- Information to Patients Debate 2010; as if the Internet was still a walled garden
- US Rare Disease Govt. Policy: Lifetime and Annual Caps Issue Not Yet Resolved
- The EMEA is now called European Medicines Agency and the portfolio of pharmaceuticals is being transfered from DG Enterprise to DG Health & Consumers.
- People living with rare diseases ask for plans, or national strategies, in 25 European countries.
- Rare diseases at the forefront to address the healthcare challenges of the future
- Reflections leading up to Rare Disease Day. (sportytwinmom.wordpress.com)
I share this only because, I know, I have been there allot since my diagnosis with Cowden Syndrome.
With so many blessings in my life, I feel led to give back. I’m contemplating doing something to help raise awareness in the medical community regarding Cowden Syndrome. This year rare disease day is Feb 28th. Check out the global genes project website on how you can get involved: http://www.globalgenes.org or runningforrarediseases.com.
- Rare Diseases do you know what they are? ” Firenze Mom (firenzemoms4moms.wordpress.com)
Why do I bring them up? Well there are so many out there and more and more people are getting diagnosed with them and others are dying from them.
- Two new research programmes in stratified medicine and rare diseases launched (beinghealthyhomeandaway.blogspot.com)
Two new research programmes costing a combined S$32 million have been launched, one dealing in stratified medicine and the other in rare diseases.
- Shining the light on rare diseases (smh.com.au)
Australian cricket captain Steve Waugh has joined celebrity muscle to help make the public aware of World Rare Disease Day and the frustrations many families endure to receive help.The Steve Waugh Foundation is the last hope for many families who have a child, or children, afflicted by rare diseases and, on Thursday, World Rare Disease Day, Waugh will join actress Georgie Parker, former Olympic swimmer and author Lisa Forrest and celebrity hairdresser Joh Bailey to highlight the plight faced by 2 million Australians, 400,000 of whom are children, on a daily basis.”I think there is more recognition for what a rare disease is,” Waugh said. ”People are starting to recognise 10 per cent of the population has a rare disease.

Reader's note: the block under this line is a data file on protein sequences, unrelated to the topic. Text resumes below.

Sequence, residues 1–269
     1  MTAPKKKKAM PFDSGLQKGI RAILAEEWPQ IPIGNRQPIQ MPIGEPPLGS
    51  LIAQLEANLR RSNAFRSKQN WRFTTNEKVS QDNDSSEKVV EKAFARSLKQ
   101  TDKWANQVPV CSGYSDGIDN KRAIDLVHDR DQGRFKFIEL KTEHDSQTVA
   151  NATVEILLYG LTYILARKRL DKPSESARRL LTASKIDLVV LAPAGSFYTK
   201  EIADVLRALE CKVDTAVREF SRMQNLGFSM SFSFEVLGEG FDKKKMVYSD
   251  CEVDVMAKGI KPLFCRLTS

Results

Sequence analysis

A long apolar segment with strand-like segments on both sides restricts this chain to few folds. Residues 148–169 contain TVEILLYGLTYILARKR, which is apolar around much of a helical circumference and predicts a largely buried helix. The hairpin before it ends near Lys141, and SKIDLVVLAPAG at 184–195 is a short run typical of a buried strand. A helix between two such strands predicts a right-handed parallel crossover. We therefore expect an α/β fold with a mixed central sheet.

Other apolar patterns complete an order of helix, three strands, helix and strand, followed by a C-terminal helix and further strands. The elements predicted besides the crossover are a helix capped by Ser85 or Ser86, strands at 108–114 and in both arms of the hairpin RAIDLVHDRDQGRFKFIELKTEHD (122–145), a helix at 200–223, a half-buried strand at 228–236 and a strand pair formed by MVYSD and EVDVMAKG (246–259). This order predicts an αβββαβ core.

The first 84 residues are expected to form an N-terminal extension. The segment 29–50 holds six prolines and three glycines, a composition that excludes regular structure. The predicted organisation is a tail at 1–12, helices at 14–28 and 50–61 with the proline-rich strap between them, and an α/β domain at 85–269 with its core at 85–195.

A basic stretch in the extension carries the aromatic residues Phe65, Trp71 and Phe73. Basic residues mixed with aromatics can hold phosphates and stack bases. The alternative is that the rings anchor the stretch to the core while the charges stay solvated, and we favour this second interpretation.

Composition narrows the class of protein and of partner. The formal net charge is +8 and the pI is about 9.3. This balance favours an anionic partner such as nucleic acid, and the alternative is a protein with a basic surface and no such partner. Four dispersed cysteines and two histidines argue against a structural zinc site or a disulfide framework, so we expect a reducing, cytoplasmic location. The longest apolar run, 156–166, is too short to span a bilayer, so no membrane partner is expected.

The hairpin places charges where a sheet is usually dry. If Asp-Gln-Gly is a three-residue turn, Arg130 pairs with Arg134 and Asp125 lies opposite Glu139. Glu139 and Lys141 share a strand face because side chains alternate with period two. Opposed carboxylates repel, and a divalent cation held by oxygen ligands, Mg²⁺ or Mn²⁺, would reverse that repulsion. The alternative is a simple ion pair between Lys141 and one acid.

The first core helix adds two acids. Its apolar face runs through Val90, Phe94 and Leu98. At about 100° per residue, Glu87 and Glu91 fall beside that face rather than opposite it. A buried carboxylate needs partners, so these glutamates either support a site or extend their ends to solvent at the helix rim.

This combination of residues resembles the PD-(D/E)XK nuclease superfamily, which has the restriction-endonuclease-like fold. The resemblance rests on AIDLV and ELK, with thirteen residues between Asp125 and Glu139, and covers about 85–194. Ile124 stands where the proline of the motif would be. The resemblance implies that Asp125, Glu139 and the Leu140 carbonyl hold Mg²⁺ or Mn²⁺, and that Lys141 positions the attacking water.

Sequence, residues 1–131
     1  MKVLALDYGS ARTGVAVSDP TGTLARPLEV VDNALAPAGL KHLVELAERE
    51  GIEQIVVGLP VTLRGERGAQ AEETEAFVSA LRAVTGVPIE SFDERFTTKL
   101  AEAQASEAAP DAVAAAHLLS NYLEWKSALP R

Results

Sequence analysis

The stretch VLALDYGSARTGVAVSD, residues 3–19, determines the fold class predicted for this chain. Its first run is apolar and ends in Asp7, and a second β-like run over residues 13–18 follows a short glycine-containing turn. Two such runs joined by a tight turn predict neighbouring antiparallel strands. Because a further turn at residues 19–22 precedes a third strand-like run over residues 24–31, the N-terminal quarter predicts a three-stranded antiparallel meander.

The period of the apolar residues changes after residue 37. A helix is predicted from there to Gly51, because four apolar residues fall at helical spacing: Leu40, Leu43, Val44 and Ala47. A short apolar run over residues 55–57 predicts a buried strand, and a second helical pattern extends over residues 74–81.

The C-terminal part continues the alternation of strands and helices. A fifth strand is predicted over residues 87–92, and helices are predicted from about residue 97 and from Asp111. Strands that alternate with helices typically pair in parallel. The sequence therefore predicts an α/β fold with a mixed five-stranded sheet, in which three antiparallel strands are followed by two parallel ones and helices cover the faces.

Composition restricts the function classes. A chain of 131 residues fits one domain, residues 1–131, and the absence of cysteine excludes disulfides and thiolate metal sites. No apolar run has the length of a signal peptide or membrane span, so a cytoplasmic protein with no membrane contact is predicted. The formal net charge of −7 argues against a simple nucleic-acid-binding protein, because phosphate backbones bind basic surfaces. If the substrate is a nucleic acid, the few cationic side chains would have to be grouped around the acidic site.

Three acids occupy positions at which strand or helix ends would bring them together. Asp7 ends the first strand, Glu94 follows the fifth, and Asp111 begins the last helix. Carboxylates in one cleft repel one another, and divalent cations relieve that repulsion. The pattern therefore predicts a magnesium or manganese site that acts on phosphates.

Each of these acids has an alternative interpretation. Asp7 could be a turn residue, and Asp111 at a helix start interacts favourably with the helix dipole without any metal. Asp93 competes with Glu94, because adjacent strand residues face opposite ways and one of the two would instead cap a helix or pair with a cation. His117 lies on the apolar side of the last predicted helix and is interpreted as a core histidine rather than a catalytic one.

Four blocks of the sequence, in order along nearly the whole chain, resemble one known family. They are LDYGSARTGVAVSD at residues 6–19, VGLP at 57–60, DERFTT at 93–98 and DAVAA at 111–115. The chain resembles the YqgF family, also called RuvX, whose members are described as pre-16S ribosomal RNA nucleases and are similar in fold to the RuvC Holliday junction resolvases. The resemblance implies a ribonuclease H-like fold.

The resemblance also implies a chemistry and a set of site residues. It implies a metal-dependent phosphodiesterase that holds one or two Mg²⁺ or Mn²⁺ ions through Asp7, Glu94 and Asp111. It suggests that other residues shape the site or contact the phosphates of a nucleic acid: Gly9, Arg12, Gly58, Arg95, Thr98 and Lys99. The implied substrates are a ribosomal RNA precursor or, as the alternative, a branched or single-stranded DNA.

- What Are Ypu Doing for Rare Disease Day (cmtnyus.wordpress.com)
Anyone can be involved in Rare Disease Day and there are many suggested activities. The day has been established as a grassroots advocacy day and we encourage everyone to participate in some way! What are you doing for Rare disease Day?
- How Dan’s rare disease didn’t stop his mainstream education (specialneedsjungle.com)
Many children have special needs because of a rare disease that may present extreme difficulties with being included in mainstream education. Many others, however, whose condition is physical and not a learning disability, simply need support to help them manage the classroom environment on a practical level.
- Rare Diseases do you know what they are? (firenzemom.wordpress.com)
I have a Rare Disease, called Wegener’s granulomatosis (WG), which has recently been renamed granulomatosis with polyangiitis (GPA). It is a form of Vasculitis and is an autoimmune disease. I would like to promote awareness by sharing my story.
- Rare diseases not well treated in China: expert (nzweek.com)
It is also difficult for diagnosed patients to receive timely treatment due to a shortage of effective drugs, most of which are imported from foreign countries. They usually take a long time to receive approval and get to market
- What is your rare disease experience? (undiagnosed.org.uk)
As you know, there is still an urgent need to better understand the rare disease community and the needs of the patient and medical communities. This is why Genetic Alliance UK and Rare Disease UK have decided to participate in an initiative being led by Shire Human Genetic Therapies that will help to identify and bring increased awareness to the myriad of issues facing the rare disease community.
- Child’s struggle inspires race for cure (cnn.com)
Rafi Kopelan is a typical 5-year-old. She’s mastered Candyland. She’s learning to read. Given a choice, she’d spend hours on the swings at the playground.